Virtual music performances accent pandemic affected year


Anastasia Hocurscak

Freshman Rowan Lefferts plays the flute with COVID protocols.

Every department in the Regional has had to make significant changes in order to adapt to a year defined by the coronavirus. For the music teachers, that meant organizing online concerts and rehearsals.

Creating a musical performance in the virtual world is very difficult,” said orchestra teacher Doug Miller.

Before hybrid learning began, music teachers had to learn new technology – and quickly came to the conclusion that performing as a group in person proves much easier than playing over laggy microphones and computers that seem to crash regularly. 

I have learned lots on the tech side because of COVID-19, but it was not always easy,” said Miller.

Music teacher Jared Bloch agreed.  

“Some of them [the apps and programs] I may have never even discovered or tried out if it weren’t for remote and hybrid learning, so it is great that I now have these extra tools at my disposal,” said Bloch.

With the regulations still in place at the time, an in-person concert could not occur. To solve that problem, the music teachers asked each musician to record their parts, and then used an online site to compile these recordings into one cohesive performance.

Chorus classes look very different this year with spacing and masking. (Photo Courtesy of Megan Will)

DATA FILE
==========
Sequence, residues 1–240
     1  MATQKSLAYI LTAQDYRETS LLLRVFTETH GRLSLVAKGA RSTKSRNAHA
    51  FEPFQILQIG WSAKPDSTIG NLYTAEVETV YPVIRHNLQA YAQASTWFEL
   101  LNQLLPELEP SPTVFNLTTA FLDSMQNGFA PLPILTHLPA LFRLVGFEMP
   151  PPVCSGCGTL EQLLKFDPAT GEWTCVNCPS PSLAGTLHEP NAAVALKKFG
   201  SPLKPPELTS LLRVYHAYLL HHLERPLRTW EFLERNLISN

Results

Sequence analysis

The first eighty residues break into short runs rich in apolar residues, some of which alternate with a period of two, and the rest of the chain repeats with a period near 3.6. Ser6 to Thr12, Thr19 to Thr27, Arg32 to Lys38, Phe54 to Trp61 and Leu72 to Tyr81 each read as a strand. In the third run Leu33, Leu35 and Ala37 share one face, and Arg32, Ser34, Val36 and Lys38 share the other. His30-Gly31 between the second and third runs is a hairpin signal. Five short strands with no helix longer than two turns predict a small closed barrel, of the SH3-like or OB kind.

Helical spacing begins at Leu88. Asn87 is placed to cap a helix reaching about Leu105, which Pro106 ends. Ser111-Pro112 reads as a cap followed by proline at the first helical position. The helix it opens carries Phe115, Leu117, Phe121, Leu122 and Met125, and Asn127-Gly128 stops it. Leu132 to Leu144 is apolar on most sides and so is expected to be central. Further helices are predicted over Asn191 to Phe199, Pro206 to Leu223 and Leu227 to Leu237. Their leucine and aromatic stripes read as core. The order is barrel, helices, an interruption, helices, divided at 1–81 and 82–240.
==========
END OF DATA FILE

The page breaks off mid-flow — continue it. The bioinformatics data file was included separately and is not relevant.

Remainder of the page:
While the virtual performances are great in their own way, they will never replace the authenticity and excitement of a live musical performance,” said Bloch.

Some students said they adjusted to the conditions with few problems.  

“Getting into the new system was surprisingly ok,” said senior Julia Yahres. “It took some time, but we created a pretty smooth process.”

Along with musical performances, the theatre program has also been affected with no shows being produced.

“This year’s Sculpture students are missing the opportunity to see what it is like to work in the world of theatrical design,” said art teacher Suzanne Breen, who assists with designing props and sets.

According to teachers, being a high school musical performer during the pandemic proved to be an experience that no one will forget.

“I have to thank all my students for all their hard work during this difficult time,” said MIller. “And for putting up with me as I learned how to navigate in the new tech world of education.”